In this situation, there won’t be anyone around to stop your boat and rescue you. The average person can tread water for only two or three hours before exhaustion takes over. However, you won’t need to worry about fighting to stay afloat if you’re wearing a life jacket. These devices are designed to keep your body stay afloat indefinitely.
So if you’re wearing a life jacket, you can focus your efforts on calling for help. Most modern cell phones are water resistant so you should be able to dial the coast guard and wait for them to rescue you.
You should ensure there is a minimum of one life jacket for each person on your boat. You should also include other types of flotation devices such as lifebuoys.
6. Create a Pre-Departure Checklist
Every responsible boat owner should create and go over a checklist before each boating trip. This checklist ensures you have all the safety equipment necessary and have verified that your boat is in good operating condition. Some of the things to include in your pre-departure checklist are shown below.
- Ensure life jackets and personal flotations devices (PFD) are present
- Check that you have a throwable flotation device if your boat is over 16 feet in length
- Check the working condition of each life jacket
- Ensure you have one or more fire extinguishers
- Pack emergency flares
- Check the first aid kit
- Visually inspect the boat’s hull, looking for any damage
- Check that the steering and throttle are operational
- Expel water from the engine
- Check that the instrument lights are functioning properly
Ensure you have brought:
- VHF Radio
Be sure to go over each item on your checklist before setting off. This process takes only a few minutes and will increase the likelihood that your boating trip goes smoothly.
7. Understand the Boat’s Throttle Response
Understanding your boat’s throttle response is vital to ensure a comfortable ride. Most boat engines and propulsion systems take take anywhere from a hundred milliseconds to a few seconds to respond once you have adjusted the throttle. This presents issues because you won’t be able to change your boat’s speed instantaneously in response to waves.
For this reason, you should spend some time understanding this throttle response and tailoring your reactions accordingly. As a rule of thumb, gasoline powered engines tend to have fast response times due to their lighter components. Diesel engines, on the other hand, tend to have slow response times because their international components are heavier and have more inertia.
8. Learn to Trim Properly
The term “trim” refers to your boat’s running angle as it moves across the water. You might not have thought much about this, but your boat’s trim will impact your fuel consumption as well as the smoothness of your ride.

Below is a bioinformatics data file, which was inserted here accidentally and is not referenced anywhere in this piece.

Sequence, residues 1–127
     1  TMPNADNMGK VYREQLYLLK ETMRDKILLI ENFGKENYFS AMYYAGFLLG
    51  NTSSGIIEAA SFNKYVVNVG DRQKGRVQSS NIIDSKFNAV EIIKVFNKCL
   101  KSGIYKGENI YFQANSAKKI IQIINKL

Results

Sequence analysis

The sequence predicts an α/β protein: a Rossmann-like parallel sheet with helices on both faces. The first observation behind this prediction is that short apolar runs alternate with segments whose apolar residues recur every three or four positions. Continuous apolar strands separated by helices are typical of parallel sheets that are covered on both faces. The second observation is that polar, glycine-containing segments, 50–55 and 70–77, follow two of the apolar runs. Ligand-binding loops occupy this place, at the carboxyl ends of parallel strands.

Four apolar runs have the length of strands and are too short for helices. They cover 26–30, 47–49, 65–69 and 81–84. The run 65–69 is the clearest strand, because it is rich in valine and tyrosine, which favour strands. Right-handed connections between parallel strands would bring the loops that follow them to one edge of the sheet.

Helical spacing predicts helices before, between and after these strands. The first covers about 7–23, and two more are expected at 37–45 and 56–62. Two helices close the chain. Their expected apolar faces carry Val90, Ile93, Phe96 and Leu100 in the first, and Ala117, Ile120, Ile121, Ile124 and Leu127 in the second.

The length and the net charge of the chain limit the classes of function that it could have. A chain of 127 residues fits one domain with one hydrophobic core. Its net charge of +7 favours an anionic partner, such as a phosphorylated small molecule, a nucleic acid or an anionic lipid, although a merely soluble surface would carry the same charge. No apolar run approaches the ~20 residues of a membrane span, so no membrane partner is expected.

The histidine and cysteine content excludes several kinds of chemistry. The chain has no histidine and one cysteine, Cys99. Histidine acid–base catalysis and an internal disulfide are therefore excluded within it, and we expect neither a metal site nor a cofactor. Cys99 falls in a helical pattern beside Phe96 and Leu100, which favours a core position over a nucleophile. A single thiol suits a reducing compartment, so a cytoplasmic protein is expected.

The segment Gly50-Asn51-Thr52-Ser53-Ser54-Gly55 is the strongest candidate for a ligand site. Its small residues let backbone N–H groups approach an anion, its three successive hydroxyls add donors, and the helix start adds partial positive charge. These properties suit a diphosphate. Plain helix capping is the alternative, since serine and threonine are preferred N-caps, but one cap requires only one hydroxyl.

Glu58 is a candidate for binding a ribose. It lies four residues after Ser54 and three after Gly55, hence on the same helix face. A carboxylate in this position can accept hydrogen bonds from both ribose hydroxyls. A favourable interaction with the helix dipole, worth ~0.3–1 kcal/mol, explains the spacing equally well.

You will generally need to adjust your boat’s trim throughout your journey. This means you can’t expect to set it at one angle and then leave it be.
So how do you adjust the trim? You can do this by simply tilting your engine forward or backward to change the propeller’s angle.
Tilting the engine forward will cause the propeller to move up. This will then tilt your boat’s bow upwards. Similarly, tilting the engine backwards will cause the propeller to move down along with your boat’s bow.
It can take a while to get the feel for trimming, so spend some time getting to know how the engine angle affects your bow. You can then adjust your trim as needed when you’re out on the water.
9. Stay Alert At All Times
Boating may seem easier than driving a car in many respects. After all, boat traffic tends to be sparser than road traffic once you’re in open water. However, you should still aim to stay alert at all times.
This is because things like rogue waves or collisions with objects in the water are an ever-present danger. Therefore, you will need to keep your eyes peeled when your boat is in motion or is stationary.
Purchase Your First Boat from Westshore Marine
The boating tips mentioned above should help you feel more confident on your first boating venture. If you’re interested in purchasing your first boat, please check out our selection over at Westshore Marine.
We offer boats of various sizes from some of the leading manufacturers in North America. If you need help with choosing your first boat, please contact our experts.